Posted By Cliff Tuttle | February 25, 2010
This Post first appeared on February 9, 2009. PLBT is bringing back some of the best posts of the past 18 years to celebrate our new look. This post, on how to open a judgment, is worth repeating.
You are served by the sheriff with a civil complaint. The second page informs you that you have twenty days to file a responsive pleading or default judgment may be entered against you. But you don’t. You forgot.
A notice from the Plaintiff’s attorney come in the mail. You have failed to file an answer in the alloted 20 days, it states, so you must file a responsive pleading within ten days or default judgment may be entered against you.
Ten days passes and you still haven’t filed anything. You’ve been busy.
Then, you receive notice of default judgment from the Prothonotary (or Department of Court Records in Allegheny County). Damn, too late!
Get to a lawyer right away. He/she may be able to save you from your procrastinating ways by promptly filing a petition to open the judgment, together with that answer you didn’t get around to filing.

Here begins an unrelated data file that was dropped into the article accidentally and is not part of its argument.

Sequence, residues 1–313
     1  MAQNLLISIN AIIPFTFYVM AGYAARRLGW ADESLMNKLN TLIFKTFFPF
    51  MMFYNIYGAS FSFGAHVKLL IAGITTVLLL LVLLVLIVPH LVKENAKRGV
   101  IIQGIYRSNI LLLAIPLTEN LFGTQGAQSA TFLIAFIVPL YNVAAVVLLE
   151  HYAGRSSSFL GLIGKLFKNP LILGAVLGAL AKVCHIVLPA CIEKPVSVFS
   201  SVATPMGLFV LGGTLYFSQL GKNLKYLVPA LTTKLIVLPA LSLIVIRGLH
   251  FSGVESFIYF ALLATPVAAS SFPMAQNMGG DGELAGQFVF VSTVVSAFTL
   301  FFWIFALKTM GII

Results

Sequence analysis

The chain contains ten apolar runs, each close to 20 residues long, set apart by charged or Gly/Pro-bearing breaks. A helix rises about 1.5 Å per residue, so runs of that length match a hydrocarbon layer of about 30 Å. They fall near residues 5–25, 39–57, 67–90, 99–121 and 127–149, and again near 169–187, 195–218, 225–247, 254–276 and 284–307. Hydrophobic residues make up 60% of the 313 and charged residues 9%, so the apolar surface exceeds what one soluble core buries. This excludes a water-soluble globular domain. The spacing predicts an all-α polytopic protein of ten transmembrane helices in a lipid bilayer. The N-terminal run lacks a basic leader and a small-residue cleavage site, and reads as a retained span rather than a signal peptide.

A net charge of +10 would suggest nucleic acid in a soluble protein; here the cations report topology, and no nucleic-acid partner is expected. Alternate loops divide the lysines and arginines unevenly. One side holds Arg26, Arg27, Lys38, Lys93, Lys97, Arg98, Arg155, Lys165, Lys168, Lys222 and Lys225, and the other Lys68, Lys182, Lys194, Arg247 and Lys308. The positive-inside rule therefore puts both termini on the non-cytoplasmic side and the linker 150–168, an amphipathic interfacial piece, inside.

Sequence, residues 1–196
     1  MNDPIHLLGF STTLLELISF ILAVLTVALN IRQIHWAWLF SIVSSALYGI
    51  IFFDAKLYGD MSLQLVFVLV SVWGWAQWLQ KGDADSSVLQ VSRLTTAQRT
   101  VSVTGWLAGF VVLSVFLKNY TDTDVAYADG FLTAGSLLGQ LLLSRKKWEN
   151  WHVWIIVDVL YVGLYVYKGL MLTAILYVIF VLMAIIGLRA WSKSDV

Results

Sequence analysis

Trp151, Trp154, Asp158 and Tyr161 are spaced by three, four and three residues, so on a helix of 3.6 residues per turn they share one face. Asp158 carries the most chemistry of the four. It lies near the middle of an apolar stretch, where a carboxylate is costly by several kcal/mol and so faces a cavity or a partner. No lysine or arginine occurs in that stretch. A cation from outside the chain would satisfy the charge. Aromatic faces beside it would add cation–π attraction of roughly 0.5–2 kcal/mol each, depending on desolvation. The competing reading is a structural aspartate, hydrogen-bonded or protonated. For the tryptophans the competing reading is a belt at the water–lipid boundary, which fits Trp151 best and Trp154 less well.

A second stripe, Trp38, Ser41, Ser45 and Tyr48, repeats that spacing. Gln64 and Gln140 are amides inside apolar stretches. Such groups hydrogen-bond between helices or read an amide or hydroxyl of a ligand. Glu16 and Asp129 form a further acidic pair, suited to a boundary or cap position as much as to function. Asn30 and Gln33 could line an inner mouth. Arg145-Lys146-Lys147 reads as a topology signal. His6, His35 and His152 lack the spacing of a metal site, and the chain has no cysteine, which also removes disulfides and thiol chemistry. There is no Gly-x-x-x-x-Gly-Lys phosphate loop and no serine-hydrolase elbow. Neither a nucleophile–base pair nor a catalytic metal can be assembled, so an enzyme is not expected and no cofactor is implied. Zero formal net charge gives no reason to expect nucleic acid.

Under Pennsylvania Rule of Civil Procedure 237.3, a court is required to open judgment if you follow a few simple steps. (1) File the petition to open the judgment; (2) file a verified answer at the same time that (3) asserts a meritorious defense.
It must be an answer, not preliminary objections. If you want to file PO’s, you must satisfy the tests developed by case law. See the official notes and comments. As noted in a Lycoming County Common Pleas case, Grisewood v. Grindmaster, a Commonwealth Court case (Peters Twp. San. Auth. v. American Home Land Dev.) holding that preliminary objections could satisfy the requirements of Rule 237.3 was made obsolete by the revision of the Explanatory Comment in 2001.
Under rules developed under common law, it was also required to state a reasonable defense for the late-filing or non-filing. However, in the case ofAttix v. Lehman, the Superior Court held that this was not required under Rule 237.3.
The Superior Court also held in Boatin v. Miller that failure to comply with unrelated local rules did not affect the operation of Rule 237.3, providing all of its requirements were met.
AS you may have noticed, Rule 237.3 can also applied to vacate judgments of non pros. However, as illustrated by the case of Kruis v. McKenna, there can be complications as other Rules come into play.
The foregoing is intended to be only a general introduction to the subject of opening judgments. If you are a non-lawyer and have recently (less than ten days recently) had a default judgment entered against you, do NOT attempt to prepare your own petition to open. Run, don’t walk, to a qualified lawyer. There isn’t a third chance.
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